The U.S. Department of Justice’s revised corporate charging policy, which was named after Deputy Attorney General Paul McNulty, was unveiled in December 2006. In the wake of its predecessor document, the 2003 Thompson memo, we have seen a steady increase in the resolution of corporate criminal investigations without indictments or trials. Over the last two years (2005-2006), the Justice Department has entered into twice as many deferred prosecution agreements (DPAs) and nonprosecution agreements (NPAs) as in the two previous years (2003-04).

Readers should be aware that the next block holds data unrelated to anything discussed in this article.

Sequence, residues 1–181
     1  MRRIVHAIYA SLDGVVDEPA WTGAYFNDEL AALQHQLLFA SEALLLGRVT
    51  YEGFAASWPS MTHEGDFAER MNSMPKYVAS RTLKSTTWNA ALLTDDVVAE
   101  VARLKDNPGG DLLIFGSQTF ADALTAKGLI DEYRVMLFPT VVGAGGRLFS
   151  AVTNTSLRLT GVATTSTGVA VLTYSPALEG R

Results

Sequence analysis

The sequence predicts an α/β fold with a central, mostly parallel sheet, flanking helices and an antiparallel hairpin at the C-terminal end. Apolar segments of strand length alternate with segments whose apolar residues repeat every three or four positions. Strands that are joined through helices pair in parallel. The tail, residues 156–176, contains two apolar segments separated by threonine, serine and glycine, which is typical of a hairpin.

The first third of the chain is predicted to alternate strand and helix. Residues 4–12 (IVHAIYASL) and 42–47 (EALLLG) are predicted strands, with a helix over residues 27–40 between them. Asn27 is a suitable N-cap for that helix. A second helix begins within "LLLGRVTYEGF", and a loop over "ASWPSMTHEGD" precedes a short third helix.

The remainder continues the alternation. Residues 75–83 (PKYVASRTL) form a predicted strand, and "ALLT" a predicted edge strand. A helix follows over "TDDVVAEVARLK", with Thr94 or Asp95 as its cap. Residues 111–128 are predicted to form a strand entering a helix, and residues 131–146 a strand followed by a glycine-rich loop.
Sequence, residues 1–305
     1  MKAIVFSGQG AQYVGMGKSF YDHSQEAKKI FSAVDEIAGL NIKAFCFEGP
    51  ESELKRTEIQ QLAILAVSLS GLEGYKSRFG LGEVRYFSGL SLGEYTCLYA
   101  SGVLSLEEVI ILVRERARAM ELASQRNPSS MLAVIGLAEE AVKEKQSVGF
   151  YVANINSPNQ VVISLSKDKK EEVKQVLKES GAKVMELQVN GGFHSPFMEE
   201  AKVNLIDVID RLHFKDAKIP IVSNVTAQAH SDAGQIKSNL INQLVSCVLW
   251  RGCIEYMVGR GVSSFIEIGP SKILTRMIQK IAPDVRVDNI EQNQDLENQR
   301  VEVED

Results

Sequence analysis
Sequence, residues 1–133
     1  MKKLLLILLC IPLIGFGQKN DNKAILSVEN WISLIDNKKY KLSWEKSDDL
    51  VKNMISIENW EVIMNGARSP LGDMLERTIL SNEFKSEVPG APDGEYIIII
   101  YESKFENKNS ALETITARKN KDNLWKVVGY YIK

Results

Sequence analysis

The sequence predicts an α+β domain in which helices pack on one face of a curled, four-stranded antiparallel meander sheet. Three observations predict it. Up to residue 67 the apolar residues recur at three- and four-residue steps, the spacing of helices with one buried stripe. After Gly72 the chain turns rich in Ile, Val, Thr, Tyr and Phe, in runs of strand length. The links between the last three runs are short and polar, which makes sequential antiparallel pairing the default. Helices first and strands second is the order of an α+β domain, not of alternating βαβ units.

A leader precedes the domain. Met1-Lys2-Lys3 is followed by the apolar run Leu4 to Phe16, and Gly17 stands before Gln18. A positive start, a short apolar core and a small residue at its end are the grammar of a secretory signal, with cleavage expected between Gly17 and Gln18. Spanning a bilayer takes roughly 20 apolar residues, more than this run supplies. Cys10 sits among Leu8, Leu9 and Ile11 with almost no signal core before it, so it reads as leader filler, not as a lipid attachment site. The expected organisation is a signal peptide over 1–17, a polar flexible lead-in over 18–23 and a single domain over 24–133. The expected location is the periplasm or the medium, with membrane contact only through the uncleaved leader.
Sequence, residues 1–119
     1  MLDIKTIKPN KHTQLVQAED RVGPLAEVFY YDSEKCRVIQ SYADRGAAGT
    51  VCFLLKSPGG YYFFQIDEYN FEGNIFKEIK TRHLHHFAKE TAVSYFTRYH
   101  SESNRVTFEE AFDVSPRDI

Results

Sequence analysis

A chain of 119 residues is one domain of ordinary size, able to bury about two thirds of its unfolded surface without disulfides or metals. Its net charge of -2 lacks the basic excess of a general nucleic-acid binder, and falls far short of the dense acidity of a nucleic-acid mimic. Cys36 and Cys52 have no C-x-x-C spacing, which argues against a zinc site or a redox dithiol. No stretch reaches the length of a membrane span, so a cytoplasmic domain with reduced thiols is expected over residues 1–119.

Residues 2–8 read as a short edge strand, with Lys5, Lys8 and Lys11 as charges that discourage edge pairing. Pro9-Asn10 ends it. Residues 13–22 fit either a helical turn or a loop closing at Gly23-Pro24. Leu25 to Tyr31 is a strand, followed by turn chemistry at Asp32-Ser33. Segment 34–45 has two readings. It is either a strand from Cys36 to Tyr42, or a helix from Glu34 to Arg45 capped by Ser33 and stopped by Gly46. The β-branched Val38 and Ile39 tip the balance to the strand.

Even though major corporate and other collective entities continued to face indictments in 2006, such as Schering-Plough Corp. (health care fraud), Citgo Petroleum Corp. (environmental crimes) and Milberg Weiss & Bershad (mail fraud), the number of DPAs and NPAs, or corporate pretrial agreements, has risen significantly over the past four years. Indeed, there have been at least 55 DPAs and NPAs from 1992 to 2006. The McNulty memo is unlikely to change this trend.

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